'This Old Man' Is A Wry, Nimble Take On Life, Aging And Baseball
I hate to make so much of Roger Angell's age, but he started it. Angell is 95, and he's written decades' worth of books and articles (many of them about baseball), humor pieces, profiles, and poems — some of which are gathered in this new collection called, This Old Man.
The title comes from an essay he wrote for The New Yorker in February 2014 about what it's like to live into extreme old age. That essay knocked it out of the park the way only a stellar piece of writing can. It opens on a wry note with Angell cracking jokes about arthritis, macular degeneration and arterial stents, and then fancifully describing his intermittent bouts of memory loss:
This is how we like our well-adjusted seniors to sound: self-deprecating and chipper about the whole business of falling apart. But, within the space of a few sentences, Angell's tone darkens. He describes a moment where he and his wife, Carol, find themselves sobbing next to the body of their dead dog; they recognize that they're also finally allowing themselves to weep for the loss of Angell's adult daughter, who'd recently committed suicide.
A page later, and we readers learn that Carol — whose presence we've just been in — has passed away now too. The couple was married for 48 years. Angell comments: "The downside of great age is the room it provides for rotten news. Living long means enough already."
"This Old Man," the essay, is as profound a meditation on time and loss as some of the work of Angell's revered stepfather, E.B. White. I'm thinking of, among other things, Charlotte's Web and the classic essay, "Once More to the Lake." Angell says his stepfather was "a prime noticer"; he could also be describing himself.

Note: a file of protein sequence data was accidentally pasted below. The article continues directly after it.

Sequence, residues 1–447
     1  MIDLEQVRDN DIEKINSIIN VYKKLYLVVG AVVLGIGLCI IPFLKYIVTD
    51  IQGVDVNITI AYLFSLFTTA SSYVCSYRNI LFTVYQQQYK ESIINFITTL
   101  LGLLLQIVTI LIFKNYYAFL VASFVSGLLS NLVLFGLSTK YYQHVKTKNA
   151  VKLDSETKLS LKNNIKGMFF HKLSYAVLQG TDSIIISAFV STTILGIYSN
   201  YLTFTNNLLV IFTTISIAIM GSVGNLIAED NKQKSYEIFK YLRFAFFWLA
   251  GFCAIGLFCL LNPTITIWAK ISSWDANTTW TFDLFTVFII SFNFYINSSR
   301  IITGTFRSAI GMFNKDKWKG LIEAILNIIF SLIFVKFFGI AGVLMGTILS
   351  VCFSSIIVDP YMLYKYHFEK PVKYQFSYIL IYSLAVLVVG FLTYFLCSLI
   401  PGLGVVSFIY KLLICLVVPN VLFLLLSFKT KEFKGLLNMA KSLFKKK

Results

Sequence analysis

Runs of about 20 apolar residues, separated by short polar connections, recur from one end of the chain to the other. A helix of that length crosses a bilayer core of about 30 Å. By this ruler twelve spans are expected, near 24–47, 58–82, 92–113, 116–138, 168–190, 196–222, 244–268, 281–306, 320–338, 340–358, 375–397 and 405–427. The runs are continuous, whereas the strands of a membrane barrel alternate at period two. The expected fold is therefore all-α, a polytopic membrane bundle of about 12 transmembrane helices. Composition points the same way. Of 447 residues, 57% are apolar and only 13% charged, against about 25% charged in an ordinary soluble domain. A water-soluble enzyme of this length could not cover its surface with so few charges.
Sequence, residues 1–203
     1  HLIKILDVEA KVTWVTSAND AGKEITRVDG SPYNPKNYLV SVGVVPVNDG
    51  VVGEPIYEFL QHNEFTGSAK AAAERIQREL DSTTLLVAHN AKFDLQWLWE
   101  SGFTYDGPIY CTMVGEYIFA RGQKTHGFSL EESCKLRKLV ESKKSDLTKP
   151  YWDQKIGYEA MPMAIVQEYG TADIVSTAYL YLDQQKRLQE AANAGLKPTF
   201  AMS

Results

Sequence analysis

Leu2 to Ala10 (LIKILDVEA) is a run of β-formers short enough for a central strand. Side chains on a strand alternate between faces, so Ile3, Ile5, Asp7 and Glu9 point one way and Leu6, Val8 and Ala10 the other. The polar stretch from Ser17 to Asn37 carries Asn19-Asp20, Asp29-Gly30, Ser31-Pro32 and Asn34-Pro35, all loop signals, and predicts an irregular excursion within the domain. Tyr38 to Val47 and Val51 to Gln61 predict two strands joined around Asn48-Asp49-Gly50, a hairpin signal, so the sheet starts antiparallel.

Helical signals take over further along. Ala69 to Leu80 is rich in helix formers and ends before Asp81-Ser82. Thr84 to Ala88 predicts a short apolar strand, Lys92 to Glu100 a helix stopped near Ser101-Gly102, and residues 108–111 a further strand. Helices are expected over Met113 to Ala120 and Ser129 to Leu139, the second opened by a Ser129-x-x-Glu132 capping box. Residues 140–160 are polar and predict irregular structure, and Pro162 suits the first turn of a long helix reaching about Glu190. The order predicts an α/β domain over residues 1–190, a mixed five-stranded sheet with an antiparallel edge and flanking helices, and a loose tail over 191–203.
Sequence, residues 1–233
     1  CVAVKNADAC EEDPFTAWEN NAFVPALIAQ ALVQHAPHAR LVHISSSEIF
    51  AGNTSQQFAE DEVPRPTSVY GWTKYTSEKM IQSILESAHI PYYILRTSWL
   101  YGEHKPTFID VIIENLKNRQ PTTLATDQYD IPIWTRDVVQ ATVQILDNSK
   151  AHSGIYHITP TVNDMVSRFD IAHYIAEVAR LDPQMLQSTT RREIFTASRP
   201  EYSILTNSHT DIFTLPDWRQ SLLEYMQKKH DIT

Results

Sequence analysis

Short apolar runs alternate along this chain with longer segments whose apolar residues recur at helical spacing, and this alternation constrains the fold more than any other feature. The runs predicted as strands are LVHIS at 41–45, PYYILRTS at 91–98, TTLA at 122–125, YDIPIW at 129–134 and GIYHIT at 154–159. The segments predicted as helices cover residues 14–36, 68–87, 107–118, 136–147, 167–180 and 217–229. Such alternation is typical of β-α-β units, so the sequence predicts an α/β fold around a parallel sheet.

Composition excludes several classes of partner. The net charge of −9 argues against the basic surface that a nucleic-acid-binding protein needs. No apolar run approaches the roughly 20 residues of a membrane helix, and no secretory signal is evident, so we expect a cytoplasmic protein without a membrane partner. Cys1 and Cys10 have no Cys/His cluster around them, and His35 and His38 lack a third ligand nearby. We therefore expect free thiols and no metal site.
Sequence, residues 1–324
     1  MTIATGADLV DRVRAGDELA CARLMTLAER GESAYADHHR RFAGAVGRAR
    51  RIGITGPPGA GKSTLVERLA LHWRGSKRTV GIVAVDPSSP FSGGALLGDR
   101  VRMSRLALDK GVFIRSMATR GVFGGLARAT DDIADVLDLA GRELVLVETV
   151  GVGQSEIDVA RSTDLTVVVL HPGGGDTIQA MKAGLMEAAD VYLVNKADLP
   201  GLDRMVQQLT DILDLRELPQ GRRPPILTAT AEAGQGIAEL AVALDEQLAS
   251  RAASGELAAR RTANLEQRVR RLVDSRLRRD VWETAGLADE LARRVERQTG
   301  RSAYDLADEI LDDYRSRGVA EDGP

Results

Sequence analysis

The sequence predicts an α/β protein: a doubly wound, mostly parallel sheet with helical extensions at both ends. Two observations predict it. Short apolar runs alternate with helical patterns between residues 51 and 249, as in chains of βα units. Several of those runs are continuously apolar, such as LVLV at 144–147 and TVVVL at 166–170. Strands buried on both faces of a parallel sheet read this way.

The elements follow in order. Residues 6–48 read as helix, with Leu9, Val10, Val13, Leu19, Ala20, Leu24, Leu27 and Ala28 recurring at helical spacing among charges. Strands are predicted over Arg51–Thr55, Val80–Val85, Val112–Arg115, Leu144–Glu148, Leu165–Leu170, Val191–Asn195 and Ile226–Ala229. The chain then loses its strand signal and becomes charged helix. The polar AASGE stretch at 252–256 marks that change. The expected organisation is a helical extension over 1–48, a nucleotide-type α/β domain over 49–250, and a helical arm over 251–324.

The precision, ease, and offhand tone that are part of the cocktail shaker mix of the vintage New Yorker voice are evident all throughout this collection. You hear it on the very first page where Angell uses the quaint phrase, "a dog's breakfast," to characterize this book, meaning that there are tasty scraps of pot roast and ham as well as, undoubtedly, a few limp carrots tossed into the bowl. All the ingredients, Angell assures us, have passed his personal "sniff test," but he urges readers to graze, sample only what appeals to us.
In my case, that's a go-ahead to skip all the baseball essays here, as well as some of the lite verse, and head straight to the moodier pieces memorializing people long vanished, like Jackie Robinson and John Hersey, or times gone by, especially if those times are in New York.
I'm a sucker for good New York stories and, again, like his stepfather, Angell sure knows how to tell them. For instance, in a short-but-nuanced memory piece called, "The Little Flower," Angell thinks back to a high school journalism project where, with a buddy, he waited nine hours outside the office of Mayor Fiorello LaGuardia in hopes of landing an interview.
Angell says that "LaGuardia ran New York for a dozen years like a manic dad cleaning out the cellar on a Saturday afternoon," and he was certainly manic that day, holding meeting after meeting as the boys waited. As night fell, Angell and his friend were finally ushered into the office. He recalls:
Angell certainly mastered whatever he was trying to learn through that long-ago journalism assignment. He may be old — ancient even — but his voice on the page is still as nimble and strong as that of the kid who talked his way into LaGuardia's office. As Angell tells it straight, it's not much of a pleasure to be very old, but it is a great pleasure to spend time in the company of This Old Man.
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